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People Top 5
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- October 21, 1985
- Vol. 23
- No. 17
A Harried Homecoming
As Sam and Patti Frustaci Face Up to Mammoth Medical Costs, the Three Surviving Septuplets Are Home at Last
Their fight is far from over. Three bassinets stand side by side in the 10'-by-10' nursery in the Frustacis' four-bedroom Riverside house. Each bassinet is draped in blue-and-white-checked cotton and is backed by a dresser on which stands a cardiorespiratory monitor. At 6 pounds 9 ounces, Patricia Ann is the healthiest of the infants. Her brothers, Richard Charles and Stephen Earl, weigh just under 6 pounds. Both are still hooked up to oxygen and may require that help for another year. Stephen, the last septuplet to come home, will take food only while lying on his stomach (feeding him is a tedious process that takes almost an hour). He also has a hernia that will have to be operated on later.
As the babies struggle to stay alive, their parents struggle to make ends meet. The medical costs are overwhelming (see box, page 32). Last week the couple filed a medical malpractice lawsuit against the Tyler Medical Clinic. The suit charges that the clinic, which administered Patti's fertility drug, Pergonal, failed to monitor her condition during treatment. The sudden celebrity and constant care the children require has put a strain on Sam and Patti's marriage of four and a half years, while the septutlets' elder sibling, Joseph, 19 months, is understandably bewildered by the hubbub in the household.
Sam, 32, and Patti, 30, have responded to the pressure in different ways. An industrial equipment salesman, Sam falls back on his natural ebullience and sense of humor. Patti is a coiled spring, a taut package of nervous energy, constantly on the alert. Amid squalling infants, a constant stream of volunteer workers and nurses changing shifts, the Frustacis sat down with National Correspondent Lois Armstrong to discuss the joys and sorrows that followed the historic births, the long, tiring summer and the challenges they now face.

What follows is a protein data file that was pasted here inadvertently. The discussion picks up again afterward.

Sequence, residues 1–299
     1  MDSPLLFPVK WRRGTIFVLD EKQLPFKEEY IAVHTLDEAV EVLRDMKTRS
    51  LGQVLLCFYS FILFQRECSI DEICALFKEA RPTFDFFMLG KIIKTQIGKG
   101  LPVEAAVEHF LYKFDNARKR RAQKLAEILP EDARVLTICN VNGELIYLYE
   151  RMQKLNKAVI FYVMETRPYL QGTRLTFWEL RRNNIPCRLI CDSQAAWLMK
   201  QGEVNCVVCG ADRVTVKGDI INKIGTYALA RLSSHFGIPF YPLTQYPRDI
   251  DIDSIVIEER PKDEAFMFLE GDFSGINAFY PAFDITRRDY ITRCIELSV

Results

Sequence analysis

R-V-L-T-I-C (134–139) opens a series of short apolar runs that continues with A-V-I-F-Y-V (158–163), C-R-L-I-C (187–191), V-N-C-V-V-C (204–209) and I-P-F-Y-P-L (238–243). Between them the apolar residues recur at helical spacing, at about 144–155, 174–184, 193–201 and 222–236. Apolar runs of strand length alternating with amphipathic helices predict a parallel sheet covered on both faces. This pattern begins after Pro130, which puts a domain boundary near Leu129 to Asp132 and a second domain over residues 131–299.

Patti: I got out of the hospital on a Wednesday, and Friday we buried two kids, David [nicknamed Peanut when he was alive] and Christina [the stillborn child]. The next week two more were dying, and I stayed at the hospital and slept on a cot.
Sam: We're in a lot better spirits now than we were after the kids were first born. I was really affected by Peanut's death, and I don't think I've fully recovered from that. I did well until the actual funeral for James and Bonnie [who died on June 6 and June 9 after living 16 and 19 days respectively], when I broke down. Since then, there have been times when I'm alone that I just sit and cry.
Patti: When we took Stephen home, I took one last walk around the nursery where each of my kids had been, the living and the dead. When I looked at the isolette where James had been, I broke up. There's another baby in it now, but I didn't see that other baby. I thought, "That's where one of my sons died."
Then I went over to where Bonnie had been and I stood there for a minute or two and reflected on all the hours I'd spent in that corner, winding up her music box and talking to her. I have a hard time accepting Bonnie's death. The Sunday morning she died, she looked the best she ever had. A nurse gave me a poem by Wordsworth called "We Are Seven," about a little girl who believed that her two dead siblings are as much alive as the living ones. I had used that poem when I prepared for my master's degree, but it didn't have the same significance for me then. Then Bonnie's heart rate started dropping fast, and so the medical team went into emergency lifesaving procedures, but they didn't work. The doctors unhooked all of her life-support tubes and handed her to me. I carried her past Patti's isolette and showed her to Patti. I realized then that they would never grow up together.
Suddenly, from the direction of the nursery, comes the high-pitched sound of the monitor alarm. Patti bolts from her seat and races from the room. Down the hallway comes Patti's voice. "Breathe!" she commands. "Breathe!" After a few minutes she returns and resumes her seat.